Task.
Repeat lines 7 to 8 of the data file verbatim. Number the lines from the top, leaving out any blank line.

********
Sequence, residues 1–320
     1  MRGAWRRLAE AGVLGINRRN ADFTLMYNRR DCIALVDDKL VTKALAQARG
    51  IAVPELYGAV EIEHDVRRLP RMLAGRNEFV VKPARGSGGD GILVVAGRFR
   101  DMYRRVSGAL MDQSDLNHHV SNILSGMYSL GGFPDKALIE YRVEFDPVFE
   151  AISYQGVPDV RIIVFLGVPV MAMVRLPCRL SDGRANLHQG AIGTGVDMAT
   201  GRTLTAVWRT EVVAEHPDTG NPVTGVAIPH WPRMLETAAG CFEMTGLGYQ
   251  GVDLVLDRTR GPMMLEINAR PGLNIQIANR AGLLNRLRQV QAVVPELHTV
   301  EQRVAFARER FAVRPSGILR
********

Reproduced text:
   251  GVDLVLDRTR GPMMLEINAR PGLNIQIANR AGLLNRLRQV QAVVPELHTV
   301  EQRVAFARER FAVRPSGILR